The session was chaired by Sue Ferns, Prospect senior deputy general secretary, and each panellist was given 10 minutes to make an opening statement.
Here are edited summaries of each panellist’s remarks:
Humphrey Cadoux-Hudson, managing director, nuclear development, EDF Energy
There was a moment last October when Scotland was already, more or less, 100% renewables and this got a lot of publicity. Some days we produced too much and some days too little, but across the month as a whole, there was the same amount of generation, as there was demand.
However, the question is, even if we are 100% renewable, are we actually zero carbon? How do we fill in the gaps when the wind is not producing enough electricity?
We have produced several models for ‘filling in the gap’: building battery storage, building Combined Cycle Gas Turbine (CCGT), or use an interconnector with the rest of the UK. However, building a battery farm large enough would be prohibitively expensive and the other two solutions would not be zero-carbon.
The purpose of me saying this is that we believe, as a company, in renewables and we need to build a lot more renewables in the country, but if we want to deliver our aim of zero carbon we're going to have to do it with a mix of different technologies.
To ensure grid stability and deliver electricity when it's needed, we will need a mix of generation. Our belief is that a base load of around a third of our electricity from nuclear would make the problems of getting into zero carbon much, much simpler.
Javier Cavada, CEO, Highview Energy
We are trying to fill the gap that Humphrey has highlighted. Today, about 15% power generated globally is from renewables. So there’s a way to go but we see the need for large, long duration energy storage.
Highview is a UK technology company that is about 15 years old but the real growth and inflection point was about three years ago when renewables was starting to be integrated into the National Grid. This created a lot of reliability challenges especially with the intermittency of wind.
Highview Power built the first long duration storage plant in 2014. It was pilot plant outside London. Now, we’re also in Birmingham and have the biggest long duration cryogenic storage plant in Manchester. We’re also building a plant in Kansas, USA and another in South Wales.
It is a cryogenic battery, it utilises oil and gas equipment but it does not use any fossil fuels. All this is proven technology and we can take it anywhere. Our main competition is market slowness and regulation. Yes, 100% renewables is possible in the UK, no doubt it is possible.
Tom Burke, chair, E3G
Climate policy and energy policy are two sides of the same coin. You can’t have a successful energy policy and we cannot, and should not, expect anybody to sacrifice secure, affordable energy services just to make the transition to zero carbon.
One hundred per cent renewables is possible, but it ducks the important question is it is reliable, deliverable and affordable? The answer is still yes but not without thought, not overnight and not without effort. Certainly, not with current government policy.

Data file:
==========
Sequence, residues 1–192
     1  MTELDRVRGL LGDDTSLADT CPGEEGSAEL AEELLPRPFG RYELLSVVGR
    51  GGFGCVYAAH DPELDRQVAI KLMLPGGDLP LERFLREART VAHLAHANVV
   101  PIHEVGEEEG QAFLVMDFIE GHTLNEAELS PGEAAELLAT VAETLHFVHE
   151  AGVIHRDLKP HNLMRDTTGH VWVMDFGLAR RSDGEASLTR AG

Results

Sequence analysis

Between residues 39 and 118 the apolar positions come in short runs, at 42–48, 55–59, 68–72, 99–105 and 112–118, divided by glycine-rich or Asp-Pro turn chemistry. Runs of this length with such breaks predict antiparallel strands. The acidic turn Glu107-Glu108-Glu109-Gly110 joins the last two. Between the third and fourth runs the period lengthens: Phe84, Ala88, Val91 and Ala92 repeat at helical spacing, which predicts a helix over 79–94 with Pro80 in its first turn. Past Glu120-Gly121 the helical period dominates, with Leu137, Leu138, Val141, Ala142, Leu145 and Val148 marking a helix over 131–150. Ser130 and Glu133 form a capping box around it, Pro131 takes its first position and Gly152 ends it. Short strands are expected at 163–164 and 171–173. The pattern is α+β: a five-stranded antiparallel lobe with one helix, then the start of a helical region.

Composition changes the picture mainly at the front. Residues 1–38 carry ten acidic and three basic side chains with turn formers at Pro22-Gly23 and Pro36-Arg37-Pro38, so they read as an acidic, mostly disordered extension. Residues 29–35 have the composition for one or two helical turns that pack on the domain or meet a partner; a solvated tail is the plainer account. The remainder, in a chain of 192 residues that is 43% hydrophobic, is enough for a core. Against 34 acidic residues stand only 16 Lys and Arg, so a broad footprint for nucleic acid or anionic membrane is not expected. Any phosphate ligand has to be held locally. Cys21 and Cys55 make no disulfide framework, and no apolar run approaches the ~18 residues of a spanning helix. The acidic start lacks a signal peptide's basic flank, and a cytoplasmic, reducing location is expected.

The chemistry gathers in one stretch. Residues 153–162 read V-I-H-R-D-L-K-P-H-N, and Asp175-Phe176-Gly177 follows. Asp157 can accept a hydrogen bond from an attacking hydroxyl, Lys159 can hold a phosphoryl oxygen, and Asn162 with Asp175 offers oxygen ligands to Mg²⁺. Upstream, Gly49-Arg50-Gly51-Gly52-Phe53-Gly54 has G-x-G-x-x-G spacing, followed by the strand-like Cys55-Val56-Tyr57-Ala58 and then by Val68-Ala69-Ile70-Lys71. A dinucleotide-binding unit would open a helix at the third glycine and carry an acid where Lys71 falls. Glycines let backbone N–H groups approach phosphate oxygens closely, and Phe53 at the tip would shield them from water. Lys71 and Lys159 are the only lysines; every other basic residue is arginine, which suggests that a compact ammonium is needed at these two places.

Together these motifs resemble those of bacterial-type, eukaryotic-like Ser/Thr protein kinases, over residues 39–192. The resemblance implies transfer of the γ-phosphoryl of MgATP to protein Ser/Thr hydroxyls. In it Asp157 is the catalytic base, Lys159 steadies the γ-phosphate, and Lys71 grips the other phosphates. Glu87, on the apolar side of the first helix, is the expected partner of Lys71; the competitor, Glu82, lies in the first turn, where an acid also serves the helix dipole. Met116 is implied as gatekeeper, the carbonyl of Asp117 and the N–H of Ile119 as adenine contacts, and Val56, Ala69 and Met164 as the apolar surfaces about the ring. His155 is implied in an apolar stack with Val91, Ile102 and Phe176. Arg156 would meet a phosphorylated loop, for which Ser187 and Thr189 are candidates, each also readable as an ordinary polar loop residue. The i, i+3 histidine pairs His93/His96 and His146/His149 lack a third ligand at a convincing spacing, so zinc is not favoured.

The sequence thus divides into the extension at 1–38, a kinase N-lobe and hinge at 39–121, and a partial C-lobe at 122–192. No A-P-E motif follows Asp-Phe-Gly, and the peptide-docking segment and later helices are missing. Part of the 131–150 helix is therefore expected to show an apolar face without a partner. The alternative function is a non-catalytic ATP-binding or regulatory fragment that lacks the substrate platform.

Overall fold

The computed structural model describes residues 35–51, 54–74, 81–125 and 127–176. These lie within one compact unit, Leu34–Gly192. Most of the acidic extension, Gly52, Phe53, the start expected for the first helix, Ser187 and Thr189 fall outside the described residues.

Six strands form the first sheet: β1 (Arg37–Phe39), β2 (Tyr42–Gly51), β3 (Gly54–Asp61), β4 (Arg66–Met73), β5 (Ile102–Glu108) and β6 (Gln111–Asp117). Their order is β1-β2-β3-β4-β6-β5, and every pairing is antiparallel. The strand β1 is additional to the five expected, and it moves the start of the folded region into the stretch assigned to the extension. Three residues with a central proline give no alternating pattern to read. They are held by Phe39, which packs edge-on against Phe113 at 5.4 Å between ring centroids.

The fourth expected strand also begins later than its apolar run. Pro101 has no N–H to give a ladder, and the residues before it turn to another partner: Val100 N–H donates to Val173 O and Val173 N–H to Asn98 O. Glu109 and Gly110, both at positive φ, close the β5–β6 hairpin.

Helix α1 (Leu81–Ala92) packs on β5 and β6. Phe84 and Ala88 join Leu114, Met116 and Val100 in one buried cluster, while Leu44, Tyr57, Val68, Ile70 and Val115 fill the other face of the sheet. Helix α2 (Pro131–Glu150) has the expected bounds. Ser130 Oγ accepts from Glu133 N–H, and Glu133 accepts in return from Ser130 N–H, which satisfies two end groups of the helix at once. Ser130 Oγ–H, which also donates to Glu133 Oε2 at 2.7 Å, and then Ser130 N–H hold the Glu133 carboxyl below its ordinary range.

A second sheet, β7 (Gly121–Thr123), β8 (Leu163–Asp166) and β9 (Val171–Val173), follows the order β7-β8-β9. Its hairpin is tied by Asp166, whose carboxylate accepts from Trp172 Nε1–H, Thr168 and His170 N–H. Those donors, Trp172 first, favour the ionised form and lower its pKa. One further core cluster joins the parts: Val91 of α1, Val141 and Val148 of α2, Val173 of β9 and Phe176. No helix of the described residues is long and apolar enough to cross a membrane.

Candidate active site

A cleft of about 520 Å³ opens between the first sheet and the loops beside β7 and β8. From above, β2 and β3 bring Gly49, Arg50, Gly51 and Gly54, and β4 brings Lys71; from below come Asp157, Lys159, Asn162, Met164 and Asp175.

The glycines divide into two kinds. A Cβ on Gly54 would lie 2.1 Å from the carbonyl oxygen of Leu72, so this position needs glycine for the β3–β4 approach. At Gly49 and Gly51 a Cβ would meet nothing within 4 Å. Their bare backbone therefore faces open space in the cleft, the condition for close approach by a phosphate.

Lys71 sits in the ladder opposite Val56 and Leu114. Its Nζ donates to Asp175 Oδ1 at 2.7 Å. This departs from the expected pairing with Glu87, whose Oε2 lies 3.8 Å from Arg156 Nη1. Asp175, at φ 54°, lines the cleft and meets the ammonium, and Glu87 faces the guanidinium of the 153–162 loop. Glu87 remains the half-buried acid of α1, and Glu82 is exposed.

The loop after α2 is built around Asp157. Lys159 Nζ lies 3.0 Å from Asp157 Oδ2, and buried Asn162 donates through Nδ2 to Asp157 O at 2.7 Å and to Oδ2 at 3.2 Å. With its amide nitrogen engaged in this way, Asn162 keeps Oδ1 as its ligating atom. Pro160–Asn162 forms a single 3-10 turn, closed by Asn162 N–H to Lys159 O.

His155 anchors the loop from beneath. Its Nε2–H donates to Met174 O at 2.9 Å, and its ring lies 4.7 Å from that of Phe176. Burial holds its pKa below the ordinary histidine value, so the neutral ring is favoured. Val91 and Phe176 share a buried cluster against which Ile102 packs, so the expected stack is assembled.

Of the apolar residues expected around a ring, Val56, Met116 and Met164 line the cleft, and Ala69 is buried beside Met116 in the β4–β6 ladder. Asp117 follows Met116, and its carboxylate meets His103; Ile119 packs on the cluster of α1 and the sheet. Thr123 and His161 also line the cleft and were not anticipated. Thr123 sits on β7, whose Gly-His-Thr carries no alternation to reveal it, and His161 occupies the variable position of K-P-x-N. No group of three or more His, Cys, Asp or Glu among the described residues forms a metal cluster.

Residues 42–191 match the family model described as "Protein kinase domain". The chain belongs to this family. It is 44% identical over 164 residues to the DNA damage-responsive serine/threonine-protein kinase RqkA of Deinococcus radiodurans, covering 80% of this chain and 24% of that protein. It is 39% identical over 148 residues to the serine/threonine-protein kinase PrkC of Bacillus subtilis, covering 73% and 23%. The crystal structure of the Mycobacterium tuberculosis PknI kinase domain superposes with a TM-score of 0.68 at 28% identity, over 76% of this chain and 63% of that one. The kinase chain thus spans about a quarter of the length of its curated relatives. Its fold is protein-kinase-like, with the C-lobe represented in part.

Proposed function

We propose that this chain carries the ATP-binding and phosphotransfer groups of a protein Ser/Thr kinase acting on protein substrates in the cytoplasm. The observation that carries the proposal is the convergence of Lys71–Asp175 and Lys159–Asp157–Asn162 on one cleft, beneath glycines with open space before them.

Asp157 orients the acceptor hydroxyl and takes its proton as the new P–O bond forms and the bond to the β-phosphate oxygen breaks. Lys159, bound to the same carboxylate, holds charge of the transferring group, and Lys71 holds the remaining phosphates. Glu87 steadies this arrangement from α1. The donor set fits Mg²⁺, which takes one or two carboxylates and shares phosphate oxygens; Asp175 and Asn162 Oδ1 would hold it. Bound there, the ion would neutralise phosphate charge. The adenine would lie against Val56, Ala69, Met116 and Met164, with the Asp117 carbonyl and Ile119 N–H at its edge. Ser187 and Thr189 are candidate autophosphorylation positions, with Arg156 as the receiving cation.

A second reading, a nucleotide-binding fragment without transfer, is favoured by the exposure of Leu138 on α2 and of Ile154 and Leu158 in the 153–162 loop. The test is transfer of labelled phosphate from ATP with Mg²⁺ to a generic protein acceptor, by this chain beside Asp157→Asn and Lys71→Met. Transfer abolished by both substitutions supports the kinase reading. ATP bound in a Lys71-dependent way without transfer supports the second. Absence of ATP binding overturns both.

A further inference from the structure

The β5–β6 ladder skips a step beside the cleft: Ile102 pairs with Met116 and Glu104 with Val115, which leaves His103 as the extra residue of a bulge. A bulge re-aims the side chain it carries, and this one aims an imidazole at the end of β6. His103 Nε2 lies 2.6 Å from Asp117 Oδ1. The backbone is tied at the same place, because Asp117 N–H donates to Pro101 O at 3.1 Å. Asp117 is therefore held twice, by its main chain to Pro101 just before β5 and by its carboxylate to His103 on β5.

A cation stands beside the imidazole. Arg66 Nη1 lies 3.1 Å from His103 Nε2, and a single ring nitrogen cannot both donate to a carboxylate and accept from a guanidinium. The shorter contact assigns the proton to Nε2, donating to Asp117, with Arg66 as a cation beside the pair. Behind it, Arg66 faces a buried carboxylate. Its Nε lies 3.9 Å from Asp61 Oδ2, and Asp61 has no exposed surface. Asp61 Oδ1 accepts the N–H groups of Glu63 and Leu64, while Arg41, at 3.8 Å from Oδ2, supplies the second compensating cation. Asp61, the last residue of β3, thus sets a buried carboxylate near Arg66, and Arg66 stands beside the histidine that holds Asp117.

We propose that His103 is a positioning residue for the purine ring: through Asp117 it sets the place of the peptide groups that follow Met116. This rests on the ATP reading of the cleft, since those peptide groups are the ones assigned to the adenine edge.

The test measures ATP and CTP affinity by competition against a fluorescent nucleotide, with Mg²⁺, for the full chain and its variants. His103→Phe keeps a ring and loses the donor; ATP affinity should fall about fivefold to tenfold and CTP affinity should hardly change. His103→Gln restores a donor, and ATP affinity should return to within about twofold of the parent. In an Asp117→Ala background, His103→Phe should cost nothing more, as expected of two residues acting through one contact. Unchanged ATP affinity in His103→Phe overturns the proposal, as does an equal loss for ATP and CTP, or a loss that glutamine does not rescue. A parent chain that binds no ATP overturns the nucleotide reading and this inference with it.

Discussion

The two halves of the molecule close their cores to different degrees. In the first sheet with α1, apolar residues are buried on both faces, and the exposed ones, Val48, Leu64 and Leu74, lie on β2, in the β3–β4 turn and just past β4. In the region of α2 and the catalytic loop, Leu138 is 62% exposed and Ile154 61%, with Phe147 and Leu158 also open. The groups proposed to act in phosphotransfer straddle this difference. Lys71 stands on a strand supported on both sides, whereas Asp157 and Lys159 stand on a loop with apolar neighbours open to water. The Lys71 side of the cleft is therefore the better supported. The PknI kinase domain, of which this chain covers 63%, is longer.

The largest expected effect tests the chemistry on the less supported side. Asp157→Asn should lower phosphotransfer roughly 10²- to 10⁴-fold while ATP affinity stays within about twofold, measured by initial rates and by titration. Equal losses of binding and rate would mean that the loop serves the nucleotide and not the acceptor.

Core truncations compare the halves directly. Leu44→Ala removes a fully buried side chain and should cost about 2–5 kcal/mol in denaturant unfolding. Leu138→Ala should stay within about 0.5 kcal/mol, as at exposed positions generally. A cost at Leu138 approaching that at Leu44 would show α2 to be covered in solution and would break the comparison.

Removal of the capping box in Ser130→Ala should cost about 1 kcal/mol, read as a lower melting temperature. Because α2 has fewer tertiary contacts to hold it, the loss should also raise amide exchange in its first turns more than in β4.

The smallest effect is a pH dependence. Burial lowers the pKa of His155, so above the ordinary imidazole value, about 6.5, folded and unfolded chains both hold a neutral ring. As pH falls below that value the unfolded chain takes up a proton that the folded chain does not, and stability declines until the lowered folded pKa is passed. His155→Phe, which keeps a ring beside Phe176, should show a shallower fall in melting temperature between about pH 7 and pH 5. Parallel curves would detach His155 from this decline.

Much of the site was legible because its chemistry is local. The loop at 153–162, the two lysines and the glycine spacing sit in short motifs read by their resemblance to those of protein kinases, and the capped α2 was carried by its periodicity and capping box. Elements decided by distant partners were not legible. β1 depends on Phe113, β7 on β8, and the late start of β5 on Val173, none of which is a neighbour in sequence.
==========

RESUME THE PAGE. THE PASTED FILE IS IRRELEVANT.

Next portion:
Nor is it possible if we continue to develop climate energy policies in isolation from the labour and social policies that must accompany them if they are to succeed. There is no prospect that markets can deliver the energy transition on their own.
We need four things to happen:
- We need improve energy efficiency.
- Need to ask the right policy questions. It’s a systems issue not technology.
- Decisions must command investor and public confidence. There must be national consensus and transparency.
- We've got to develop a much more sophisticated idea of innovation. This means technology, it also means using data, using artificial intelligence and financial innovation.
If we can do all those things, then it makes the non-nuclear path to a zero-carbon electricity system a much better bet.
Fintan Slye, director, UK systems operator, National Grid
We have announced our ambition that by 2025 we will have transformed how we operate the grid, so that it can operate at zero carbon. I would say there's no other grid in the world that can do this, is doing this, or will do this. We believe it's hugely ambitious and we also believe it's achievable.
If you look back on the UK's history with decarbonisation of electricity it is littered with achievements. Six of the 10 largest offshore wind farms in the world are connected to the UK grid and last year we operated for 72 hours without any coal for the first time since the industrial revolution.
In March last year for the first time ever the demand overnight was higher than the demand during the day. The traditional paradigm has been completely turned on its head.
So we have undergone a huge transformation but we have already picked a lot of the low hanging fruit around integrating renewables in the system. What has got us here, is not going to get us where we need to be. If we're to reach that zero carbon ambition we need to think differently and to innovate. We don’t want the grid to be a barrier for 100% renewables.
In closing, we have talked largely about the electricity system but if we're really going to tackle climate change we need to tackle the energy system. Electrification of some sectors will certainly play a part, for example in transport, but we need to tackle heat.
How we are going to solve heat and how we are going to decarbonise heat is a really big, gnarly social question for the UK. Unless we have affordable and reliable power for all people when they need it, we can’t bring everyone with us on this transition.
Read an edited transcript of the audience Q&A that followed.